It’s been more than two years since I logged out of my corporate 9-5 desk job. I remember the day clearly: it held a mix of anxiousness, excitement, apprehension, and optimism. You name it, I felt it.
The day I walked out for the last time, I felt something else as well – something you might not expect to be a typical response.
I felt guilt.
I felt like I was playing hooky; like I was expected to be at work.
It’s that same feeling as when you skip a period in high school, but you can’t enjoy it because you feel your absence is noted and tangible.
My new life as an entrepreneur felt foreign to me, even though this was my second entrepreneurial venture.
It was exciting but shrouded in all kinds of emotions.
When I woke up that first Monday morning in my new life, I had no structure. My wife, Kaitlind, reminded me that just because I was self-employed, it did not mean that I could sleep in past 9 am.
I went to my computer. Or worked out. I don’t remember exactly. But I followed the pattern I was accustomed to at my corporate job – sitting at my desk all day doing whatever needed my attention.
With some thought and experiment, I soon developed an intentional routine for my new life. I set aside my mornings for writing, research, reading, discovery, and sometimes putting out potential fires before the day begins.
Following that, I do my task work. The things that I personally need to get done. Finally, I start having phone calls and meetings as the afternoon draws on.
Two years later, that routine is pretty well developed, mixing in working out and meditation where and when I can.
But now, I’m starting a new routine. Only this time, I am not throwing everything out the window and starting from scratch. I’m merely transporting my routine to another country.
Slow Travelling and Working Abroad
My wife and I are fairly newly married; it’s been about 6 months. We live in a furnished condominium in the Distillery District in Toronto.
The unit came furnished because the landlords originally expected to make it into an executive rental suite, but found out it was not as easy as it sounded. We accepted, since the furniture we had was neither complete nor of high quality (reminiscent of our university days).
Our possessions can realistically fit inside of a cargo van. I prefer to live as minimalistically as possible, likely due to the fact that I have moved over two dozen times in my life. Every time you move, you get rid of stuff instead of lugging it to the next place.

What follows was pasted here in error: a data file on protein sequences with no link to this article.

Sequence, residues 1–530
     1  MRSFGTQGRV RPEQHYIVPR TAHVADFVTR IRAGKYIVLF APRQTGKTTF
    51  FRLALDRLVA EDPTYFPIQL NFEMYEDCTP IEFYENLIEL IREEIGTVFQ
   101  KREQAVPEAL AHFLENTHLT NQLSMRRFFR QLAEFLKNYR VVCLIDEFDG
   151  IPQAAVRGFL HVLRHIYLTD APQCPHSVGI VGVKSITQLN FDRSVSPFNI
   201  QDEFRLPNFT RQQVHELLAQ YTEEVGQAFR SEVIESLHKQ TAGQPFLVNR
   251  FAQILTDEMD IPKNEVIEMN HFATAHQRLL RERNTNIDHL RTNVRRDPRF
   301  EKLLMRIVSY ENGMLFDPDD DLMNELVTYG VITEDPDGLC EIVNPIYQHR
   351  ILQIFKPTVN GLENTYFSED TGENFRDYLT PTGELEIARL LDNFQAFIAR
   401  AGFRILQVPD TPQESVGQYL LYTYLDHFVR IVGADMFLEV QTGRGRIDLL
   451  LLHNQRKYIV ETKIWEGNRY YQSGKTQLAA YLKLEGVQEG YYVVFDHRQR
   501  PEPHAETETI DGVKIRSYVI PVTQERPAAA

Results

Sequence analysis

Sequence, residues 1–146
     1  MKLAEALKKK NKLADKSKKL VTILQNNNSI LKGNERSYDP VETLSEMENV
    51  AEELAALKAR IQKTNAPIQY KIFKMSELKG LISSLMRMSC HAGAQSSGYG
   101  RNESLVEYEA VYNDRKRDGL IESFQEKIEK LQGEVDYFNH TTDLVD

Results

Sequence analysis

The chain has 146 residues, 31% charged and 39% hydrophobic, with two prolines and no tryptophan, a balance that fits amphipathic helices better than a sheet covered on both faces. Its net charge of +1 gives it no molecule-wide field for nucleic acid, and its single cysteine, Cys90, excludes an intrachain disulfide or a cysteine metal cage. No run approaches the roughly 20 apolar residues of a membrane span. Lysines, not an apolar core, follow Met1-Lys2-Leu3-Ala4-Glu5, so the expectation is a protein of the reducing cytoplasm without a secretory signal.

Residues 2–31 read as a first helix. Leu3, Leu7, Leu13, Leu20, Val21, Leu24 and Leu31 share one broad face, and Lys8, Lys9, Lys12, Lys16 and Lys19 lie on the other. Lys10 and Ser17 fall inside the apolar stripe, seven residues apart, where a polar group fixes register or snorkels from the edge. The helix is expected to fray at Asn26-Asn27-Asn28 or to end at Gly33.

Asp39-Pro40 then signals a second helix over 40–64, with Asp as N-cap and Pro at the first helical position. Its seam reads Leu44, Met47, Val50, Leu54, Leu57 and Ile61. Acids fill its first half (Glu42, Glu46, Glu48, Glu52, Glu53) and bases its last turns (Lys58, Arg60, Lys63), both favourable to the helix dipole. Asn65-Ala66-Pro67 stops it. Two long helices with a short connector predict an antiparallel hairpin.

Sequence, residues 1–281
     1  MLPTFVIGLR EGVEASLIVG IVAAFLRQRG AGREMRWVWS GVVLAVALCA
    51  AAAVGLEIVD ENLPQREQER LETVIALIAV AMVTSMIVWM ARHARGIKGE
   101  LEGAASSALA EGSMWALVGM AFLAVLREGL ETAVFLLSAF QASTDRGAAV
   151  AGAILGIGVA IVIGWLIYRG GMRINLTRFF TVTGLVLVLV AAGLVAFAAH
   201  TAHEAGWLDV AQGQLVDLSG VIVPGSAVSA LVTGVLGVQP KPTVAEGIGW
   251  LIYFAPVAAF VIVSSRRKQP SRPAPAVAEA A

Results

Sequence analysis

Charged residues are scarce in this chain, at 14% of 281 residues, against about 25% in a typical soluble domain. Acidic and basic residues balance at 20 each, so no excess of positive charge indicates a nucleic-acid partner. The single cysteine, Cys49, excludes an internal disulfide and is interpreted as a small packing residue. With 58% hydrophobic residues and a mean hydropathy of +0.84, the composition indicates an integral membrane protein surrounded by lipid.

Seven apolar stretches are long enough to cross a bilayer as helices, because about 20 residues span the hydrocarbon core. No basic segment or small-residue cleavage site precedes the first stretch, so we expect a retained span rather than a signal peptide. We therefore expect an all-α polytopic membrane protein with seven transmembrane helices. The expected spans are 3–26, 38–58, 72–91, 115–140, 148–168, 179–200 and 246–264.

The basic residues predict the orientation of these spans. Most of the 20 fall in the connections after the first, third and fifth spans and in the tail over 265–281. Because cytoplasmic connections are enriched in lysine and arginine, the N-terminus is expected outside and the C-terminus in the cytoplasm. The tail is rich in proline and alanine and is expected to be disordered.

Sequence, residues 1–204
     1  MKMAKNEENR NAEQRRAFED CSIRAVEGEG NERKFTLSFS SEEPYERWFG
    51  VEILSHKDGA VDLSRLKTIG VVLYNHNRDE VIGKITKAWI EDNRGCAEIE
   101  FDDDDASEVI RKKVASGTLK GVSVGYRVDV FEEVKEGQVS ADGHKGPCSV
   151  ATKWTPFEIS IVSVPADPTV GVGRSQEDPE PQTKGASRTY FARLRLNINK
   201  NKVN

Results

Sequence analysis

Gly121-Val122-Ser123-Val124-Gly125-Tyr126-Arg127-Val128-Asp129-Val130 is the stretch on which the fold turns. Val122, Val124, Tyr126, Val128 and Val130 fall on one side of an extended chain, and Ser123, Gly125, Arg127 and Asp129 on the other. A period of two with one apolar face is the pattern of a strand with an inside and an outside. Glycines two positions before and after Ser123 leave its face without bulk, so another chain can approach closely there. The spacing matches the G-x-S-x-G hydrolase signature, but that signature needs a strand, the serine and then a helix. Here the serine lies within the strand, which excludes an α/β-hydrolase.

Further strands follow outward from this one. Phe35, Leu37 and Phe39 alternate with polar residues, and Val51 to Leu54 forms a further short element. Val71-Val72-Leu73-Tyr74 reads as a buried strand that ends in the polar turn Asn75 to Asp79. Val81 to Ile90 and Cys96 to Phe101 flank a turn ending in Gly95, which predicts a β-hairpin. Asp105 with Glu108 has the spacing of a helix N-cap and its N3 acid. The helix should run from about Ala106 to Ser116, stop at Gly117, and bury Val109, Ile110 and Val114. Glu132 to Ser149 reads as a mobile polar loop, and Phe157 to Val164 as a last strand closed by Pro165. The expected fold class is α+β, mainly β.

We realized that this may be the last time in our life when we will own just our essential possessions. No mortgage, no kids, no car, no jumbo jet. My wife, also a recent corporate ex-pat, was ready for a change, so we took this as an opportunity to put “settling down” on hold for a few more months while we pursued our goals of travelling and working remotely.
For the next while, I will be working full-time on my business, as usual. My clients rarely see me in person, so there should be very little difference to their experience in working with me.
The trains will continue running. I will continue working and being available during North American business hours.
I will not be backpacking nor trying to see it all – I will be working 10 hours a day, as I do now, except from an AirBNB or local coworking space in one of the cities we are planning to visit.
Kaitlind will help out in my business in more ways than she probably knows. She’s smarter than she even realizes.
Any time you tread off the beaten path, you get the Fear. You feel it in your gut.
The upside potential is high, but the downside potential is present too. There’s always a potential downside, even in your safe 9-5. What if you get fired or laid off? That’s worse than losing a client. That’s losing all the eggs and the basket.
Naturally, we are excited, but also a bit nervous. That same feeling of guilt I felt when I left my corporate job to pursue my goals is starting to rear it’s head again in both Kaitlind and I.
Should we be doing this? Are we being selfish? Will people think we are crazy? What will my clients think? There’s never a perfectly solid answer.
At the end of the day, we rationalize through the cumulation of the following factors:
- We don’t have any furniture, mortgage, car payments, nor kids.
- We want to move homes anyway, so why not travel in between places we live?
- Kaitlind wanted to make a career transition, so why not travel and work before hunkering down at her next gig?
- We want to see more of the world before we die. When will there be a better time?
- My business works remotely already. I have clients with whom I have never met or only met once. So, why not work from another country while doing so?
- Since I’m able to work along the way, we won’t use our savings. There is only the “opportunity cost” from losing Kaitlind’s income for a few months, which we hope to offset in a few ways.
- We have saved enough money to have safety nets under safety nets.
The way people work is changing. More businesses are hiring consultants or contractors to keep their labour costs down. They are are finding it more efficient to hire people like me instead of an under-utilized employee or one who tries to do too many things.
I believe I am an example of this change. You could call it “just-in-time” labour and expertise.
One day we are going to die.
It’ll happen when we least expect it (ideally in about 90 years from now).
Will we look back and say, “we should have played it safer. Put our heads down, waited until later to pursue our life experiences.”?
Or will we say, “those were some of the best days of our lives”?
The story is yet to be written, but we placed a bet on the latter.
Now it’s time to sit down and do the work to make it all possible.
Curious about where we will be travelling? I’ll write about it again soon.